Friday, March 23, 2018
Book Review: Children of Blood and Bone by Tomi Adeyemi
Title: Children of Blood and Bone
Author: Tomi Adeyemi
Series: Legacy of Orisha #1
Publication Date: 8th March 2018
Synopsis: "They killed my mother. They took our magic. They tried to bury us. Now we rise.
Zelie Adebola remembers when the soil of Orisha hummed with magic. Burners ignited flames, Tiders beckoned waves, and Zelie's Reaper mother summoned forth souls.
But everything changed the night magic disappeared.
Under the orders of a ruthless king, maji were targeted and killed, leaving Zelie without a mother and her people without hope.
Now Zelie has one chance to bring back magic and strike against the monarchy. With the help of a rogue princess, Zelie must outwit and outrun the crown prince, who is hell-bent on eradicating magic for good.
Danger lurks in Orisha, where snow leoponaires prowl, and vengeful spritis wait in the waters. Yet the greatest danger may be Zelie herself as she struggles to control her powers - and her growing feelings for an enemy."
My thoughts: Wow. You know how sometimes authors write blurbs for other books and say things like 'this was a tour de force of epic proportions' and stuff like that? Well, for Children of Blood and Bone, that is completely accurate.
I wasn't sure going in whether I was going to really love this or just kind of like it - the latter being a bane that I have had with many fantasy YA books in the past. But this just sucked me right in and dragged me along, made me think, and left me fairly clueless about what was going to happen right up until the very end.
We read the story from four different points of view: Zelie, her brother, a rogue princess (which I keep misspelling as 'a rouge princess'. sorry...), and the crown prince. I don't always gel that well with multiple points of you, but Adeyemi has written these so well that, even though I wanted to get back to other characters, I would always get swept up by whomever was speaking. Each character was just so unique and fully-formed: while I didn't always understand motivations of each character, or why they were acting in a certain way, I still felt like it was accurate to that character.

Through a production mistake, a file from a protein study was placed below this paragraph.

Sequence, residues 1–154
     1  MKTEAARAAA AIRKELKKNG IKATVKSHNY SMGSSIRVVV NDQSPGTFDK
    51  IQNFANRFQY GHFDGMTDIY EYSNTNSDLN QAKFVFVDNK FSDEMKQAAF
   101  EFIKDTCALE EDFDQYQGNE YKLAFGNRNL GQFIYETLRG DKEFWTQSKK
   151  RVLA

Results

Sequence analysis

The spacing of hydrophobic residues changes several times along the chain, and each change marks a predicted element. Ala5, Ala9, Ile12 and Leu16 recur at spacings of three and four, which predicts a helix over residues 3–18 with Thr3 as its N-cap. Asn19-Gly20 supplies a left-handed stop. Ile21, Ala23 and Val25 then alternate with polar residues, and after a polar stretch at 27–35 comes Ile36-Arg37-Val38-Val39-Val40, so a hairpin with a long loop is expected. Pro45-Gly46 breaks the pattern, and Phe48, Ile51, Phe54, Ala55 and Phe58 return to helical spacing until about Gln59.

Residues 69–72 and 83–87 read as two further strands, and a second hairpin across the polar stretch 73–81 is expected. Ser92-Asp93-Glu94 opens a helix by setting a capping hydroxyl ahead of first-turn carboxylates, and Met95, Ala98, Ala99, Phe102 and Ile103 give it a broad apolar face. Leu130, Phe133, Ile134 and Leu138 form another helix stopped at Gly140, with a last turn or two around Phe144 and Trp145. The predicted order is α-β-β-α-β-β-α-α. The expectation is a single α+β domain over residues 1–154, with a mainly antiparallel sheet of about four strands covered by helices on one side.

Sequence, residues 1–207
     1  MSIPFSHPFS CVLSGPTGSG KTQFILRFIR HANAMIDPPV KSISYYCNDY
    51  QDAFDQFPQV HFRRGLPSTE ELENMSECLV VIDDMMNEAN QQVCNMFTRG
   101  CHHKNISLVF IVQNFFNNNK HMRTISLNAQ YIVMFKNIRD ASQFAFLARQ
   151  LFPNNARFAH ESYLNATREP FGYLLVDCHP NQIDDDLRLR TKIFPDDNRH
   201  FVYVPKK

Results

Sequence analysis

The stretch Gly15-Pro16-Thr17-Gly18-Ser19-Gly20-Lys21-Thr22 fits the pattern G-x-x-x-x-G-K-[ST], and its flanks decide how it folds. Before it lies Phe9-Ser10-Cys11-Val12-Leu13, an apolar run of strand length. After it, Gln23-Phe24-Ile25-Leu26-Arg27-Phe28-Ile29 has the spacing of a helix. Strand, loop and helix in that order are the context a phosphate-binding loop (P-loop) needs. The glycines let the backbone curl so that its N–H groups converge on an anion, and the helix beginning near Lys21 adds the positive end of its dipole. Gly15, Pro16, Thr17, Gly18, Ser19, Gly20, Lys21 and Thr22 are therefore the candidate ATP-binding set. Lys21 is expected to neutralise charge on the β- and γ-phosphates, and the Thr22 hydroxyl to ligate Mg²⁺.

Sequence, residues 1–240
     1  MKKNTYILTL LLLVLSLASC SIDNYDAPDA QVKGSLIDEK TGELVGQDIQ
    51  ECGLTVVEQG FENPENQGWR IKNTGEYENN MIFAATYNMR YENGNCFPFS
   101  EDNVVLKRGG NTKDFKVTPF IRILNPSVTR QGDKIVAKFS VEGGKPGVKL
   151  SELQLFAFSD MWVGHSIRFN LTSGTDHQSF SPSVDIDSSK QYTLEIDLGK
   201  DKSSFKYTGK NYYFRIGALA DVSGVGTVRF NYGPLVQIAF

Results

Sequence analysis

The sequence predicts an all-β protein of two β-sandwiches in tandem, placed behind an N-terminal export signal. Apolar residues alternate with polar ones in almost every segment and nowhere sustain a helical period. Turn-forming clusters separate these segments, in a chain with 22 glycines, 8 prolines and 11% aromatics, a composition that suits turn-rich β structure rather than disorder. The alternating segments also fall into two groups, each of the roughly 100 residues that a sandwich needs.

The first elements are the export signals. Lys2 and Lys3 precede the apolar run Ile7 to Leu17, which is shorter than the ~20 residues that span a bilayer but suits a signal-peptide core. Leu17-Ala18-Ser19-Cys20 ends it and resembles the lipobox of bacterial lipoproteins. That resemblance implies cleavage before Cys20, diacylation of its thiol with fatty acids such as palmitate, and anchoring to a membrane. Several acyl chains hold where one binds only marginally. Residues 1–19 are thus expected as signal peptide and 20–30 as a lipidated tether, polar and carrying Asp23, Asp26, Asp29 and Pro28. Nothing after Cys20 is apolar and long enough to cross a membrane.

Zelie in particular is fantastic. This isn't a typical 'chosen one' style of story, and I loved how Adeyemi really explored Zelie's doubts about her abilities, about whether she even wanted to be what people wanted of her. Despite being the main character, she was still a teenage girl just trying to deal with everything that life was throwing at her - and boy, was it super chaotic.
And the world! The magic system! The gods!! The leoponaires! Everything is so well-crafted. I think I could read a few books about the magic system and the religion in Orisha. Yes, yes I could.
I will quietly admit that the ending confused me a little bit, but that just makes me even more eager to get my hands on the next book to find out what is going on. Adeyemi has written a wonderful book here, and I highly recommend people check it out.
[I received a review copy of this book from Pan Macmillan. Thank you!!!]
A favourite line from the book: 'I tuck back my straight locks, my cheeks growing hot. Even if I pass for wise, there can't be a god above who thinks I'm patient...'
You would like this book if: You like amazing fantasy with complex characters and wonderful world-building.
Tea to drink while reading this book: I might caution against making tea for this one, as you will forget about it and it will go cold (happened to me... a lot...)
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